12 May 2013
New research shows that patients with fibromyalgia are likely to seek acupuncture treatment and other forms of complementary or alternative medicine (CAM). Published by the University of Montana, the research focused on whether or not pain motivated patients to seek CAM therapies such as acupuncture, massage, chiropractic, yoga, Tai Chi and cognitive behavior therapy. The results showed that over 70% of patients with fibromyalgia sought CAM therapies. The research concluded that “interference in daily activities from pain increases the use of CAM….”
Fibromyalgia is a disorder characterized by chronic pain and is due to neuroendocrine dysfunction. Fibromyalgia pain is non-nociceptive. This type of pain is not due to the activation of pain receptors as in burns and injuries. Non-nociceptive pain is due to destructive changes in the nervous system. The pain originates in the peripheral or central nervous system and pain is generated by nerve cell dysfunction. Migraine headaches, irritable bowel syndrome pain and fibromyalgia related pain are all forms of non-nociceptive pain.
The treatment of fibromyalgia with acupuncture and herbal medicine within the Chinese Medicine system predates its acknowledgment within biomedicine. Ancient writings and modern Chinese Medicine research document acupuncture’s beneficial effects for the treatment of fibromyalgia. Recently, a study demonstrated that acupuncture reduces pain sensitivity for fibromyalgia syndrome (FMS) patients. In addition, these patients demonstrated significant reductions in anxiety and depression. As a result, the overall quality of life score improved for fibromyalgia patients receiving acupuncture treatments.
These findings concur with the conclusions of research published in Clinical Rheumatology. Investigators discovered that acupuncture has “beneficial effects” for patients with fibromyalgia. Other recent research conducted at the University of Maryland School of Medicine (Baltimore) and at the Mayo Clinic College of Medicine (Minnesota) came to the same conclusion about the efficaciousness of acupuncture for the treatment of fibromyalgia. Researchers from the Department of Anesthesiology at the Mayo Clinic College of Medicine noted, “We found that acupuncture significantly improved symptoms of fibromyalgia. Symptomatic improvement was not restricted to pain relief and was most significant for fatigue and anxiety.”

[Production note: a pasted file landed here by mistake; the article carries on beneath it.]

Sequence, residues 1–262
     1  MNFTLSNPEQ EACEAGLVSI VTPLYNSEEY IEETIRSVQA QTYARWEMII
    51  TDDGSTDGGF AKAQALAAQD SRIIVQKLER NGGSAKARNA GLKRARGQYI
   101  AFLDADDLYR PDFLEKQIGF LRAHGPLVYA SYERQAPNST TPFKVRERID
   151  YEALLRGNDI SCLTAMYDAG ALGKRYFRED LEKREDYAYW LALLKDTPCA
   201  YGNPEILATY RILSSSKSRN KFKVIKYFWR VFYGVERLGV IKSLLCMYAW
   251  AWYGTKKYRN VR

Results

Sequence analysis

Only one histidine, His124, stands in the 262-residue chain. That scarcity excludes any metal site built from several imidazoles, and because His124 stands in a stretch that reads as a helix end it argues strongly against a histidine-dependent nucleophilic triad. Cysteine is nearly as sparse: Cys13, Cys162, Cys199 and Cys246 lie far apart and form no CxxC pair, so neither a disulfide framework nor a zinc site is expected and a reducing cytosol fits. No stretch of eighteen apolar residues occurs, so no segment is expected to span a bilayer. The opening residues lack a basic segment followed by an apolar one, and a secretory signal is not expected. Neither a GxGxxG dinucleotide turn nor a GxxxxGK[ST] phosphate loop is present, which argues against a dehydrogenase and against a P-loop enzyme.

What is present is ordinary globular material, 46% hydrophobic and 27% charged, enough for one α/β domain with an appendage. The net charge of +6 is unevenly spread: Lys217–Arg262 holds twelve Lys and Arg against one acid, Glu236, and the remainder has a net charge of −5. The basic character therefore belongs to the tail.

According to Chinese Medicine principles, fibromyalgia is due to Liver Qi stagnation, Bi syndrome, dampness with Wei Qi obstruction, Qi deficiency and Yin deficiency. Acupuncture and herbal medicine are commonly used to treat fibromyalgia within the framework of the Chinese Medicine system of differential diagnostics. Biomedical treatments for fibromyalgia include anti-depressants, serotonin reuptake inhibitors, sleep drugs, pain medications and nutritional supplements.
Skogley, Sandra. “Effects of Pain Interference on Use of Complementary Therapy in Fibromyalgia.” (2013).
Bastos, Jessica Lucia Neves, et al. “Effect of Acupuncture at Tender Points for the Management of Fibromyalgia Syndrome: A Case Series.” Journal of Acupuncture and Meridian Studies (2013).
An overview of systematic reviews of complementary and alternative medicine for fibromyalgia. Rohini Terry, Rachel Perry and Edzard Ernst. Clinical Rheumatology Volume 31, Number 1 (2012), 55-66, DOI: 10.1007/s10067-011-1783-5.
Berman BM, Ezzo J, Hadhazy V, Swyers JP. Complementary Medicine Program, University of Maryland School of Medicine, Baltimore 21207, USA. The Journal of Family Practice [1999, 48(3):213-218].
Mayo Clin Proc. 2006 Jun;81(6):749-57. Improvement in fibromyalgia symptoms with acupuncture: results of a randomized controlled trial. Martin DP, Sletten CD, Williams BA, Berger IH. Department of Anesthesiology, Mayo Clinic College of Medicine, Rochester, Minnesota.